Monday, December 5, 2011

Review: Building the Bonds of Attachment

This book was recommended to me by a friend.  It has been such a source of light and reassurance for me.  We adopted our daughters seven and a half years ago.  Many of the suggestions and explanations for this parent-based/therapist assisted approach to helping children work through their issues and come to a point of trusting another person have been how my husband and I have dealt with all of our children.  The depths of importance this holds in helping an abused or neglected child sink all the deeper. If you read this book, no doubt many of you will find this highly counter-cultural. I particularly appreciated Stephen's role (the social worker) in the book.  His observations and questions, as well as honest, contrasting thoughts mirrored so much what I have felt I was/am dealing with.  He provided the voice that says, "Are you sure?" "Wouldn't it be better to...?" And served as counter-point for almost every decision made, providing an opportunity for explanation of reason.  What we do cannot be understood from the other side, although he was open to learning.  Oftentimes, he felt that a softer, gentler approach would better serve the child. It takes a tremendous amount of faith and love to retain the dedication of seeing the course through with a hurt child, and sometimes it looks very different than the "norm."

I found immense comfort and support here.  I'm not a perfect Mom by any stretch, but it is my life's calling and I've always felt it to be a true honor.  Many of the precepts found within this book are guidelines and decisions that I have made purposely with all of my children, before and after adoption was added to my mothering role.  For instance, early on I truly wrestled with how to handle the issue of praise and pride.  Celebrating accomplishments and cheering on advances are natural responses as your little ones grow and learn.  However, I didn't want them to develop any sort of idea that my love for them was dependent upon their success, nor an unhealthy inner teeter-totter of self-esteem that rose and fell with scores and accolades.  I chose to focus on loving them, lavishly and sincerely.  I was honest in assessments and feedback, aiming for gentleness in truth, looking for something to highlight. I rather avoided the words proud or pride as a rule, and praise was aimed at encouraging an inner eye to their own character, nature, and workings.  This book understands the intricate importance of such a large subject and doesn't agree with the common knee-jerk reaction of puffing our children up with false accolades so that they don't know the meaning and rewards of work, effort, and consummation.   Attainment of goals, simple contentment from doing your very best even if the mark fell short, or the self-awareness that no, you really didn't try as hard as you could have, all these are appreciations that must be acquired by striving - nobody presents them to us pre-packaged.  Knowing yourself comes through the grunts and strains on the wrestling mat, not the smooth hand off of a relay match.  For a child who was deprived of healthy, vital attention these are understandings all the more difficult to teach down the road.  Thank God we are here to try.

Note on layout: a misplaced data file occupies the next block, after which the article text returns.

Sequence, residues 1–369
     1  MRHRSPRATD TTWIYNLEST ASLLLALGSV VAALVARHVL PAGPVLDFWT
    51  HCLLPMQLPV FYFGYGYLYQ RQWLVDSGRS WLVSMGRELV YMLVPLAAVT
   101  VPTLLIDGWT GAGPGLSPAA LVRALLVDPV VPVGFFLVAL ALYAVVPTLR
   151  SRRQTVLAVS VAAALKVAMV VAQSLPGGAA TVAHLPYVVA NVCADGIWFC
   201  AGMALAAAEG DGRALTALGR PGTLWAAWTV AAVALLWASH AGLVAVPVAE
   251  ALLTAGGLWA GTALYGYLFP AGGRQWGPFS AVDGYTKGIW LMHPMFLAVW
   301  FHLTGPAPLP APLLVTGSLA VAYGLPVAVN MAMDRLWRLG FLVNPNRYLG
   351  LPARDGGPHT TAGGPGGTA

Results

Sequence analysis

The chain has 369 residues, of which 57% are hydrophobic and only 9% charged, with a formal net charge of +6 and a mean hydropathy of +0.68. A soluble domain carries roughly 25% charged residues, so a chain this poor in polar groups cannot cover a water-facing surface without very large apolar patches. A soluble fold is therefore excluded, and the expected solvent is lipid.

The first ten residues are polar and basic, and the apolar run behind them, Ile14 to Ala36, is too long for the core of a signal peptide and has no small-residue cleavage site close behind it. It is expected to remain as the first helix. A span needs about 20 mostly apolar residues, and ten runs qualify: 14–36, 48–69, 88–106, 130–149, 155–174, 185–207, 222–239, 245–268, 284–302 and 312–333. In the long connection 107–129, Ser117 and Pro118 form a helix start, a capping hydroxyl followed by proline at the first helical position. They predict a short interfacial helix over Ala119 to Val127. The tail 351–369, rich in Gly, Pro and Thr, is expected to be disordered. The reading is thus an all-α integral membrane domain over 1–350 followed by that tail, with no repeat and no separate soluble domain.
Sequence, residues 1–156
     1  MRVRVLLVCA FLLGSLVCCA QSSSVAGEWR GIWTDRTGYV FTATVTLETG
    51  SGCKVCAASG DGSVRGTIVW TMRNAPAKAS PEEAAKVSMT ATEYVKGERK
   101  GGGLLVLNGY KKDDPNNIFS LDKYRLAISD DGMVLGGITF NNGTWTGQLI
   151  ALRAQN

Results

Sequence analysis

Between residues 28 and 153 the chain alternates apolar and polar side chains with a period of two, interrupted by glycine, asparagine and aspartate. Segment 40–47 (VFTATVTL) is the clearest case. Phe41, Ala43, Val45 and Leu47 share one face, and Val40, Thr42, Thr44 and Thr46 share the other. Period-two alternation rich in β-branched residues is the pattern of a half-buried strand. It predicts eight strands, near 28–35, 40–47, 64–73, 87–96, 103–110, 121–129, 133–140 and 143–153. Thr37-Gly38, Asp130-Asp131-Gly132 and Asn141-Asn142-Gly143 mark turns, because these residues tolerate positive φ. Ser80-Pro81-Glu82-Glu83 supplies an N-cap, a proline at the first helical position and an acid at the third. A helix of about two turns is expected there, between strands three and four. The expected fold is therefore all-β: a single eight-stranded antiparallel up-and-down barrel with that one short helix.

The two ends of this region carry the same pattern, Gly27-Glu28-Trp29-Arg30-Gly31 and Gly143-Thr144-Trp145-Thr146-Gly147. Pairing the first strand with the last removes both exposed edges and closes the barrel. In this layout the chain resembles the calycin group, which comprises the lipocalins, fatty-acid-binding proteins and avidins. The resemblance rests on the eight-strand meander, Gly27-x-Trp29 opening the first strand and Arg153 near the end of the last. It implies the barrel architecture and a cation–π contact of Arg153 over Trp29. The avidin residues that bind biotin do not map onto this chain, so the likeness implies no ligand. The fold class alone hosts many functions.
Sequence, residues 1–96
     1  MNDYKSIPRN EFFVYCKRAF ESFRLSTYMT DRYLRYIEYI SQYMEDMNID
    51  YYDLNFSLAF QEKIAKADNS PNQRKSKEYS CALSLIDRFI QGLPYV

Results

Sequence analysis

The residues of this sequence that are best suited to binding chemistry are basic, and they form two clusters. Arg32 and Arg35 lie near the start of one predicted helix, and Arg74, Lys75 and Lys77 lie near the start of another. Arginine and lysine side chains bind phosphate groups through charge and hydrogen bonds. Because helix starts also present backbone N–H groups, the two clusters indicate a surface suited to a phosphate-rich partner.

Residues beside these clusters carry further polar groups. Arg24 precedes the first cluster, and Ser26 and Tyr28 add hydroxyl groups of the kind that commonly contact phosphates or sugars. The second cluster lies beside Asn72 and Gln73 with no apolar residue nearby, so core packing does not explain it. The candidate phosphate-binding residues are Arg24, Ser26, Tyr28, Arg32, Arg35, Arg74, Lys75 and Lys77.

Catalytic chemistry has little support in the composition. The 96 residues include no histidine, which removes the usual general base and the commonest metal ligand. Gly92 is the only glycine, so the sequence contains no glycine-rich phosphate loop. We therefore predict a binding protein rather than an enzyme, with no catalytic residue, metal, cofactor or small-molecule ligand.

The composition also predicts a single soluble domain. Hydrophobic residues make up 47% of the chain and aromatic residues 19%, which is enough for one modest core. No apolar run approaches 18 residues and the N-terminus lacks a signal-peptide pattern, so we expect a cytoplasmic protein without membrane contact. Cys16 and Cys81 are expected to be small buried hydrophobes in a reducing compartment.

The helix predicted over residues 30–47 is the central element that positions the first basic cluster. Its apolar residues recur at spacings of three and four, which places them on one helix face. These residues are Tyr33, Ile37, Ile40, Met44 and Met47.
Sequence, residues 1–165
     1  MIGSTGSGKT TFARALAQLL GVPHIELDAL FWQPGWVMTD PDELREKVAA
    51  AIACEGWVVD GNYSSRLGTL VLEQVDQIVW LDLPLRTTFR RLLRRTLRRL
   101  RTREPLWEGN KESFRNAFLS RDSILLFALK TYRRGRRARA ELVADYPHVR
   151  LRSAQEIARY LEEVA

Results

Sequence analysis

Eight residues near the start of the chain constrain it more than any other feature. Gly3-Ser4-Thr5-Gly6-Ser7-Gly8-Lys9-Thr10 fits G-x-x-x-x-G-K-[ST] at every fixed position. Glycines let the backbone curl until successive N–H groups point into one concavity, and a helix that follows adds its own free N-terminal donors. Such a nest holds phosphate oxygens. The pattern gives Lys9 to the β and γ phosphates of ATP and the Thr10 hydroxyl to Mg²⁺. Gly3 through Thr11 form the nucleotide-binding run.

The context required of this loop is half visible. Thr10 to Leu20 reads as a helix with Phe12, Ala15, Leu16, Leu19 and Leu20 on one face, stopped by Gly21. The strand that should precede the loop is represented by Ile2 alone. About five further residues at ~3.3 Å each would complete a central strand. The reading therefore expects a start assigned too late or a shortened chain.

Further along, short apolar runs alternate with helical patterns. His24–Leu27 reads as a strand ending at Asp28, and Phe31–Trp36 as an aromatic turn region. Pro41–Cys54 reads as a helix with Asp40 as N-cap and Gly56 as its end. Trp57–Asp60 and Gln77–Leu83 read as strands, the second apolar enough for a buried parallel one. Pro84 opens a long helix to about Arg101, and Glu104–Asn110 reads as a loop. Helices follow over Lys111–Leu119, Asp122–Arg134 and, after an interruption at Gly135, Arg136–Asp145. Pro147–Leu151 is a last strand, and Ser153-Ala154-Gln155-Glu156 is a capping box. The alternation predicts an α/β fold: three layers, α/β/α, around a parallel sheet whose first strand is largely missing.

This book has also helped to open my eyes and heart to some of the maddening behaviors we are currently dealing with. ;D  From our first meeting, I have felt the myriad of questions accompany each puzzle and cloud.  Is it me?  Personality clashes?  Character issues?  The past which is a fog to me, and I don't know what to them?  Adoption related?  Growing up pains?  The recognition and resonance with what I live with brought me deeper clarity and understanding.  I am very grateful for this resource, and recommend it to all families, especially adoptive families - and those who love them.

Shared at Above Rubies, Time Warp Wife, Works for Me Wednesday, Simple Lives Thursday


  1. How very hard it is even with our bio-kids, to know what is the proper amount of softness v. firmness, and how to balance our own experiences with the unknown of theirs. I've known you a pretty long time, and I have to say, your gentle manner combined with a firm hand, have always been something I've strove for, yet have fallen short. But we keep plugging, because every drop of love we pour in changes and forms them, no matter what they came to us with! It comes down to trust. Building it so they know exactly what to expect, especially when coming from a tumultuous past. xoxox lovely words, once again!

  2. You are a wonderful Mom, Audrey. Your commitment resonates with your children. One of the things I have always loved most about you is your earnest searching heart and an obvious discontent with simply bumping along. Intentionality vibrates from within you. Keep plugging away!